Victoria Bridgland from the College of Education, Psychology, and Social Work is one of the seven winners of the Best HDR Student Publication Award for 2019.
In her winning publication “Expecting the Worst: Investigating the Effects of Trigger Warnings on Reactions to Ambiguously Themed Photos” Victoria explores the topic of warning systems, often called “trigger warnings”. They are becoming widespread, as well as sensitive screen initiatives on social and news media sources. Warnings are also part of official mental health policy in some universities.
The purpose of trigger warning messages is to aid mental wellbeing by helping viewers avoid or mentally prepare themselves for the content they may find distressing. However, critics argue that trigger warnings may instead have maladaptive effects, such as encouraging negative expectancies and thus causing negative emotional reactions towards content.
Victoria’s publication is one of the very first papers published within this field to test these opposing possibilities. Her data suggest that although warnings may not exacerbate negative reactions, they also do not appear to help people mentally prepare to reduce the impact of potentially negative content. Victoria’s findings have important implications for using trigger warning systems as a mental health safeguard. Such systems may not be helping people to cope with content and instead may cause additional anxiety.
Victoria’s publication garnered significant media interest and was reported in the ‘New York Times’ and ‘Psychology Today’.
We invited Victoria Bridgland to share some insights into her PhD journey and what winning this award means to her. “Awards like this one are incredibly important for me because familiar forms of feedback we have likely had for the last 15+ years, e.g., grades, are no longer present. It can sometimes be hard to know if you are on the right track and to stay motivated. This is especially true when we stay inside of ‘the research bubble’ for long hours and with no contact from the community outside. This award is particularly special to me because it is my very first publication.”, Victoria said.
Trigger warnings are an incredibly politically charged and polarising topic online. Advocates claim that they are beneficial for mental health and wellbeing, but critics argue that they can lead to a coddled snowflake generation. With this context in mind, Victoria is particularly proud of bringing a scientific framework to the debate, to test whether the claims held water once taken out of a political context and tested in an experimental, and therefore neutral, or as neutral as humanly possible paradigm. She is also very proud of representing her fantastic research lab and her supervisor. “Without them, I would not be where I am today.”, she said.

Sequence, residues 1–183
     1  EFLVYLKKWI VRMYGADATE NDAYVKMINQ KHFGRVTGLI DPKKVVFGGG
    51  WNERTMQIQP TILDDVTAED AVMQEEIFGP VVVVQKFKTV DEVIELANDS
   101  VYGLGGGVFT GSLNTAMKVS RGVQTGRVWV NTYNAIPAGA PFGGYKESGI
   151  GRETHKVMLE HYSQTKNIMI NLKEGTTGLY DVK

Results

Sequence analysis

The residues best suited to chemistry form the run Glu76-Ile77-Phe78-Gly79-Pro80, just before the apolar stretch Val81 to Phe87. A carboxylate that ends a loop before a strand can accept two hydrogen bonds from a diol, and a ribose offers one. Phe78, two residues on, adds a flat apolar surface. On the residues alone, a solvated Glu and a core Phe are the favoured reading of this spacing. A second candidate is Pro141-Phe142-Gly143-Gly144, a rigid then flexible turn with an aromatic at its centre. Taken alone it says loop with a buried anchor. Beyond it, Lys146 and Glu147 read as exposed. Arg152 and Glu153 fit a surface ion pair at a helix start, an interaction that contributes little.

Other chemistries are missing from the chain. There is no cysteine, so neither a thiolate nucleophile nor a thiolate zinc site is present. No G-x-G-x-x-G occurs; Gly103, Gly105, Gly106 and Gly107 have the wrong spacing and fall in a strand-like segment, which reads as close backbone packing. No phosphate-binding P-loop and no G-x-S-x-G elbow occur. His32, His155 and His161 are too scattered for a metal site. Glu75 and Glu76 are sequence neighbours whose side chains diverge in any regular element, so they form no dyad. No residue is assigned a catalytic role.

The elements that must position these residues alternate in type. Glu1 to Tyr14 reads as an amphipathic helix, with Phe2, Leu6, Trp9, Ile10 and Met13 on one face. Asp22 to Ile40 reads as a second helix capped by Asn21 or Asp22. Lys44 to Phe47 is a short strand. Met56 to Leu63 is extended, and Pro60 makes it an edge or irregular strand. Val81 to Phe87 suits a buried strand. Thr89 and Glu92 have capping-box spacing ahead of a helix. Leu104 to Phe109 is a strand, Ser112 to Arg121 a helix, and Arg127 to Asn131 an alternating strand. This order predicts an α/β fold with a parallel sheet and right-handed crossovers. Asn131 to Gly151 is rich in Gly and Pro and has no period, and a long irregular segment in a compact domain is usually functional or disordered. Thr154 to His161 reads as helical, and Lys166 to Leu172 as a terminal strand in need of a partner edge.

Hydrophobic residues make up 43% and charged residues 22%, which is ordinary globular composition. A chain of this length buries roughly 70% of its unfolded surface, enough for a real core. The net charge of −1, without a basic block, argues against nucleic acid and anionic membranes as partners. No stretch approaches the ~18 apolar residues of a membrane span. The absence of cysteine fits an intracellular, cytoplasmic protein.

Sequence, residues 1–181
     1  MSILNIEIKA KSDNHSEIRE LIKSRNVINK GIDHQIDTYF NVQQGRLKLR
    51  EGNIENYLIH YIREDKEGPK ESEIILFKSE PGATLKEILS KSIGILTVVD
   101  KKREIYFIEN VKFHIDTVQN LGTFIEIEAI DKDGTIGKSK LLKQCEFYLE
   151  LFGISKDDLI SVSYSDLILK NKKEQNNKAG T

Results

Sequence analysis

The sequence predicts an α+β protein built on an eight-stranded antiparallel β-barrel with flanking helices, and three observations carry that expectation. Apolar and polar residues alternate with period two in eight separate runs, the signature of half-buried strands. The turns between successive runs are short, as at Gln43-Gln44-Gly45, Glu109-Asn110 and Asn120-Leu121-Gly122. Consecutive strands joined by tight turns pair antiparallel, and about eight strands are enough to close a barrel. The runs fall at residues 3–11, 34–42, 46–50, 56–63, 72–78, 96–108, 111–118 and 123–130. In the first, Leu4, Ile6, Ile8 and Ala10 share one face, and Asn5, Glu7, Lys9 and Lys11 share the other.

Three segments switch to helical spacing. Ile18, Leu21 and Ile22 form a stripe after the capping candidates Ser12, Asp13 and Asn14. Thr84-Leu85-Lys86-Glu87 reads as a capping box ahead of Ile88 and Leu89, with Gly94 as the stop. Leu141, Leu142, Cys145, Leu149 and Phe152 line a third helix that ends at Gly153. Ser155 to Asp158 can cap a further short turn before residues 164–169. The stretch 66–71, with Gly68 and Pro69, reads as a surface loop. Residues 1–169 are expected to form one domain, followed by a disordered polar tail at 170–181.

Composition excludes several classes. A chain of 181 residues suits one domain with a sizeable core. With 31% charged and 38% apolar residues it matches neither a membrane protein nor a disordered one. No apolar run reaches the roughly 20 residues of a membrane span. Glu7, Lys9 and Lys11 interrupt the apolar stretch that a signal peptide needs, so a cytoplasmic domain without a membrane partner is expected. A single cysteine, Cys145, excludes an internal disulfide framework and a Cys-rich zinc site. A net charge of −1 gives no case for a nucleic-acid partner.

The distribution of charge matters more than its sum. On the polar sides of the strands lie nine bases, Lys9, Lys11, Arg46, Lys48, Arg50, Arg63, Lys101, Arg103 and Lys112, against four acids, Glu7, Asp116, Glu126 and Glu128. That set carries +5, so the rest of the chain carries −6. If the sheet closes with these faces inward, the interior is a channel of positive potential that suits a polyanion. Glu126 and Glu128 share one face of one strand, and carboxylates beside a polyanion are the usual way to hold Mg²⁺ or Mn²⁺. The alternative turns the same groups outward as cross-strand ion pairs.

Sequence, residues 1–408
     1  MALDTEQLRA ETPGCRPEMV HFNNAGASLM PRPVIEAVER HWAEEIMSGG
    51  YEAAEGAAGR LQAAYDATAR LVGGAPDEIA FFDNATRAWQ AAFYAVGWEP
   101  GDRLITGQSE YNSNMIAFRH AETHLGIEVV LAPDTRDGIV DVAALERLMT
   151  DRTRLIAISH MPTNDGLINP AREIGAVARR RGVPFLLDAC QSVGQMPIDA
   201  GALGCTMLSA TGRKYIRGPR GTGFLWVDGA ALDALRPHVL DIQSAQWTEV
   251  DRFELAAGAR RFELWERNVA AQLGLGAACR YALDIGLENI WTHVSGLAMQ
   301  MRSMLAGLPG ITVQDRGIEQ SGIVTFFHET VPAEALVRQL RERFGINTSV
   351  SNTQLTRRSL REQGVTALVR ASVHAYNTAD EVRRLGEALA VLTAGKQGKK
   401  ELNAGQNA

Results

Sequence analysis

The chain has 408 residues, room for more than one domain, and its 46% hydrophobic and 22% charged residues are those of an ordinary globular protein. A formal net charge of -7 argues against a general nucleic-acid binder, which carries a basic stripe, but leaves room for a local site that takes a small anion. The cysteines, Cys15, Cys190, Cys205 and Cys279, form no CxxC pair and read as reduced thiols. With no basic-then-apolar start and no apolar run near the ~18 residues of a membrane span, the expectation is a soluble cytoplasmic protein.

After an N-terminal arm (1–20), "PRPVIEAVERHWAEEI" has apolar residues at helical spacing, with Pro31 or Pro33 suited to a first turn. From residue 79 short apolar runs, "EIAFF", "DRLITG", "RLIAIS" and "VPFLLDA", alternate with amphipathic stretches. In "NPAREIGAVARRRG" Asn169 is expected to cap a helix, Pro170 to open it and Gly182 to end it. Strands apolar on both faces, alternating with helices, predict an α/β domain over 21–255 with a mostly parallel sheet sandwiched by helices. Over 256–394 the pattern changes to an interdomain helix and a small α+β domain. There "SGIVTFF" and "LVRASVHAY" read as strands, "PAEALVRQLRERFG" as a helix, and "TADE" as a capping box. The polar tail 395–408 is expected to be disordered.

When asked why she chose to study PhD, Victoria said that she never even imagined that PhD would be an option for her. “PhD students seemed to me like mythical creatures full of wisdom”, she added. Then she realised how fantastic opportunity it was for both, her academic/ professional career and her personal life. “I have already had so many great adventures in and outside the lab and I will be incredibly sad when it is all over.”, she said.
Victoria’s single piece of advice for current or prospective PhD students is to apply for and engage with every opportunity that comes their way, whether it is small or big. She says: “You just never know who you will meet, what you will learn, or what you could achieve. And it could be life-changing or just a good adventure, or both!”
When asked why she chose her supervisor, Victoria said: “It is hard for me to find the right words or words adequate enough to describe how grateful I am for the opportunity to be supervised by Associate Professor Melanie Takarangi. I was drawn to Associate Professor Takarangi through a combination of interest in her research and the relationship she had with her graduate students. She uses a team-based supervision model which means all of us graduate students function as a lab family, provide multiple sources of support, guidance, shoulders to cry on, and people to play (virtual) Cards Against Humanity with.”
Victoria is looking forward to her future research on the use of trigger warnings in online spaces. “Just as the impacts of social media on various aspects of wellbeing and mental health are unknown, the use of warnings on these platforms has also never been studied, despite sites like Instagram claiming such warnings help prevent outcomes like teen suicide.”, she said.
To view Victoria Bridgland’s full publication, click here.